Surely an elite level athlete and coach should have plenty to write about to inspire change? But, this day is not about me. It is about encouraging all women to be strong, without either sounding like a self centered egomaniac or a bra burning feminist.
I wish I could write a post as inspiring and creative as Pavement Runner's Yes, I can post a few weeks ago. If you have not read it, you need to check it out! Unfortunately, I am not that empowering, so instead I thought I would tell you about my experiences.
Last week, I read lots of incredibly inspiring stories from women who had struggled with (and always will) eating disorders. Some posts almost brought me to tears, and I realized how important of a topic this is. Sure, I have close family friends and know many athletes with eating disorders, but I was unaware of just how many people it affects. Kim from Busy Bod posted some facts on a post that were absolutely shocking. Here are just a few:
- Of elementary school girls who read magazines, 47% say the pictures make them want to lose weight
- 42% of 1st-3rd graders (6-9 year olds) want to be thinner
- 81% of 10 year olds are afraid of being fat
- 70% of 18-30 year olds don't like their bodies
- 50% of girls use unhealthy weight control behaviors
- skipping meals, fasting, smoking, vomiting and taking laxatives
This HAS to change.
As part of the National Eating Disorders Awareness week, La Salle showed a documentary called Branded that was premiered on ESPN in 2013. To those of you who have not seen it, I highly recommend it. The documentary focused on the way female athletes are viewed. Many of the athletes featured: Anna Kournikova, Danica Patrick, Lolo Jones have been criticized heavily in the media for flaunting their sex appeal, when in fact that is often what the sponsors are interested in. Female athletes are not given enough recognition for being good athletes. This is one of the major reasons that women's basketball is often rejected; it does not fit with how our society wishes to view women even though they are incredible athletes.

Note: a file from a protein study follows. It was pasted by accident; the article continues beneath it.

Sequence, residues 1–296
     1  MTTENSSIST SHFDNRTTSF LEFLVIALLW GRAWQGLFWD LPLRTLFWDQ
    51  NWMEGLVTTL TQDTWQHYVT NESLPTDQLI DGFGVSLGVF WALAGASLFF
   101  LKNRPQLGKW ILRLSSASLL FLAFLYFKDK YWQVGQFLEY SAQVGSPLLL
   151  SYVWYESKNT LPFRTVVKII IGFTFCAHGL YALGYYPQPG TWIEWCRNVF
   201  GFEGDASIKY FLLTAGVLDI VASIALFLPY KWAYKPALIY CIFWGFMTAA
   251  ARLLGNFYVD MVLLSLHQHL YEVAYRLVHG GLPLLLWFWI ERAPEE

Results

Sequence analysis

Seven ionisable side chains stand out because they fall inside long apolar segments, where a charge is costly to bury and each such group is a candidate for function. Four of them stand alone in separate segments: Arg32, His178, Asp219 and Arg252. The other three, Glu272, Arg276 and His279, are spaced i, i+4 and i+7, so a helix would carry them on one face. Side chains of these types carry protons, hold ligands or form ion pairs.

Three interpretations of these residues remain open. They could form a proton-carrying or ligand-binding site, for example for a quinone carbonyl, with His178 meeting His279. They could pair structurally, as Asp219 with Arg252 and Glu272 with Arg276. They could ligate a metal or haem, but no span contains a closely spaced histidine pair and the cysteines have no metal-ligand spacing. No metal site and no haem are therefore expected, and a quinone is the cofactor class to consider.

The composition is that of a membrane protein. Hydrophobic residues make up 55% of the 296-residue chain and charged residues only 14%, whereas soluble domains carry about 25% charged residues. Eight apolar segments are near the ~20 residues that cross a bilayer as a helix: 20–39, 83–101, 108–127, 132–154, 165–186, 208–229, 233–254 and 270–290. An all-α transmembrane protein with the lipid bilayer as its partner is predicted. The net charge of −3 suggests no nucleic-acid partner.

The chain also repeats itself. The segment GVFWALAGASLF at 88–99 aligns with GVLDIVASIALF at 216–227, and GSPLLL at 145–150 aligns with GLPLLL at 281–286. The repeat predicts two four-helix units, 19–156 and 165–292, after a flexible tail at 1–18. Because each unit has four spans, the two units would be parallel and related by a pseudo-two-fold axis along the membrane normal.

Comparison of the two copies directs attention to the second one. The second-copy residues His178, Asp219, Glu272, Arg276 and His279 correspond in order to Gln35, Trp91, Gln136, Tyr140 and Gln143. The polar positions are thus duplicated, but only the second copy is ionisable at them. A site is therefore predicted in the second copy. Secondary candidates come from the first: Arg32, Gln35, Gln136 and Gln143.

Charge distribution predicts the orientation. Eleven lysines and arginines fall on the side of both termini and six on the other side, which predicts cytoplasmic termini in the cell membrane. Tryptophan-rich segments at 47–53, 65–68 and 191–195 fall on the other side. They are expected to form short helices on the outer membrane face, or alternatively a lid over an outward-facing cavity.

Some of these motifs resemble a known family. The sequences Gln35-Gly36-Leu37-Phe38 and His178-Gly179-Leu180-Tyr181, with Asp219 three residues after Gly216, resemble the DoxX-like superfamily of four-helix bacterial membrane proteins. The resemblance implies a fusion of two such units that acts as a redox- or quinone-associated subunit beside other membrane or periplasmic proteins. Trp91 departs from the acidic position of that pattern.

For any athlete (or person in the media) to be able to make a living off what they are good at, they must try to extend their brand, create relevance, and news, to keep people talking when they are not playing. This was a point brought up by one of the speakers in the documentary, and the problem is that for women, sex appeal is a huge part of that: it is what keeps half of the population interested.
There was a panel discussion afterwards, where one of the speakers said that we are not living in a mans world, but looking through a mans lens. I thought this was a great way of putting the message across. There is an unease, maybe even a fear of a strong women by many, and the easiest way to overcome that fear is to trivialize these women until she too, breaks down. The final concluding point was that if we are climbing a mountain to bring equality to women, we have come a long way, but we are only midway; there is a long way to go before we can reach the top!